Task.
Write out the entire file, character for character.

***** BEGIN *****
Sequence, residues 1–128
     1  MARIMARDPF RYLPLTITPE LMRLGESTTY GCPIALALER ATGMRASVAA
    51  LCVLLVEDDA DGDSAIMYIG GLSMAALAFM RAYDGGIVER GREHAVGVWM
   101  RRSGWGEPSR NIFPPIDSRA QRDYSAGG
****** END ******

Sequence, residues 1–128
     1  MARIMARDPF RYLPLTITPE LMRLGESTTY GCPIALALER ATGMRASVAA
    51  LCVLLVEDDA DGDSAIMYIG GLSMAALAFM RAYDGGIVER GREHAVGVWM
   101  RRSGWGEPSR NIFPPIDSRA QRDYSAGG